How small can a chemical compound be and still retain the properties of that same compound in bulk? With computer models and laboratory experiments, researchers at Johns Hopkins University, collaborating with those at McNeese State University in Lake Charles, LA, and the University of Konstanz in Germany, have determined the smallest crystal configuration, or as they call it, a “baby crystal,” of lead sulfide.
The team first determined the structure theoretically with computer modeling. They then proved their model experimentally in the laboratory by carefully depositing clusters of (PbS)32 onto a graphite surface, where the clusters could migrate together into larger nanoscale units.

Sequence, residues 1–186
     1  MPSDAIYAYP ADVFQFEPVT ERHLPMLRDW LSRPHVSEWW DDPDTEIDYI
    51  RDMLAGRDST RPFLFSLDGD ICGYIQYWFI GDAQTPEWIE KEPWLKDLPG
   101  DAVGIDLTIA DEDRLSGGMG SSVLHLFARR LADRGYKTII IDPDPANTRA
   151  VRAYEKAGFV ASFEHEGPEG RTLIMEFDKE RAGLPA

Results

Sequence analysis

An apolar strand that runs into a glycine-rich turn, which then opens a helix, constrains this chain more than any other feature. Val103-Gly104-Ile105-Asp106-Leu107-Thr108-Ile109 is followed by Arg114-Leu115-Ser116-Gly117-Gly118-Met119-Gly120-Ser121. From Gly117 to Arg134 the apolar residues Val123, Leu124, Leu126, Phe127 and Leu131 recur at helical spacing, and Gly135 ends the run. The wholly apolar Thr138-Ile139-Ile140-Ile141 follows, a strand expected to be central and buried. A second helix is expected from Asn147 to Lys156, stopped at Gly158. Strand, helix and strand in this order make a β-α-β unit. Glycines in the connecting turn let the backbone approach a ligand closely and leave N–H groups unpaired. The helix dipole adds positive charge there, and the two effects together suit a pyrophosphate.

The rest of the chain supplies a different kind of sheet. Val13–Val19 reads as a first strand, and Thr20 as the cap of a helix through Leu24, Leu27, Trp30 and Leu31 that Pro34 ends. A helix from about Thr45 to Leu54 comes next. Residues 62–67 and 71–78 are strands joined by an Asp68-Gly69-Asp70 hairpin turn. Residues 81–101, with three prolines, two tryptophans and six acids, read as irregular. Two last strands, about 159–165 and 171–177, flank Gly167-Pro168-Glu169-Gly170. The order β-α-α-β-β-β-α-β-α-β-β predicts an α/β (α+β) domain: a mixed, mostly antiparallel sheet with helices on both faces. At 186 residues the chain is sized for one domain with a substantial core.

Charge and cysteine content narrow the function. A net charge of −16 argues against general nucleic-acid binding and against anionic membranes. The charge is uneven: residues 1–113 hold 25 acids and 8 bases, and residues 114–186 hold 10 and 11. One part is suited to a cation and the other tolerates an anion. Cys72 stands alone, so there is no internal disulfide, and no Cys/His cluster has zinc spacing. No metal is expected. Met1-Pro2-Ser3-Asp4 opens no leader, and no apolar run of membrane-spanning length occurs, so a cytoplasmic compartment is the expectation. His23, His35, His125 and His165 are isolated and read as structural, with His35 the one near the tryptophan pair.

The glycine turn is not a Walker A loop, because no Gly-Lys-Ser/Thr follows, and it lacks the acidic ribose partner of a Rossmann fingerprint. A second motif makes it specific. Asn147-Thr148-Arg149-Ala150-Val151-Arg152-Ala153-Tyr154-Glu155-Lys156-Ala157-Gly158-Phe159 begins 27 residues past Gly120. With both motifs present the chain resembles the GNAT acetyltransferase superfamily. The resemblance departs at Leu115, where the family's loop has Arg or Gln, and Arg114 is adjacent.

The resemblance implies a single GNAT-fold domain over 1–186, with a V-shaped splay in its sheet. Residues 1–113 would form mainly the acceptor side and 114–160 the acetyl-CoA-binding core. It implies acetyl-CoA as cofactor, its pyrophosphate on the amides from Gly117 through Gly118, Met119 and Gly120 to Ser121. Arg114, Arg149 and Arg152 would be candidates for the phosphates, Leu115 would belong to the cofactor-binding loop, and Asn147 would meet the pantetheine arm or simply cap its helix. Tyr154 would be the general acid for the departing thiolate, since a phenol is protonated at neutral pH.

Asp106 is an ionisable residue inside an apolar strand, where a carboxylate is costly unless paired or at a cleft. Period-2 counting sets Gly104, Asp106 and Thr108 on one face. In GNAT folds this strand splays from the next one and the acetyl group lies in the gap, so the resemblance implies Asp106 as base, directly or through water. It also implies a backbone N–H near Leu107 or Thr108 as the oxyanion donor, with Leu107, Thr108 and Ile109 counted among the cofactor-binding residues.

“By using scanning tunneling microscope (STM) images to measure the dimensions of the resultant lead sulfide nano-blocks, we confirmed that (PbS)32 baby crystals had indeed stacked together as predicted by theory,” said Kit Bowen Jr., the E. Emmet Reid Professor in the Department of Chemistry at Johns Hopkins. Bowen worked on the project with, Howard Fairbrother, also a professor of chemistry. Both are affiliated faculty members of the Institute for NanoBioTechnology.
Bowen explained that the baby crystal needed just 32 units of lead sulfide to “exhibit the same structural coordination properties” of the same material at macroscale. Nanoblocks this small would have photovoltaic (solar power) applications.
“Determining the size of nano and sub-nano scale assemblies of atoms or molecules at which they first take-on recognizable properties of the same substance in the macroscopic world is an important goal in nanoscience,” Bowen said.
Their research can be found in the Journal of Chemical Physics and The Virtual Journal of Nanoscale Science & Technology. A Department of Energy grant funded this research.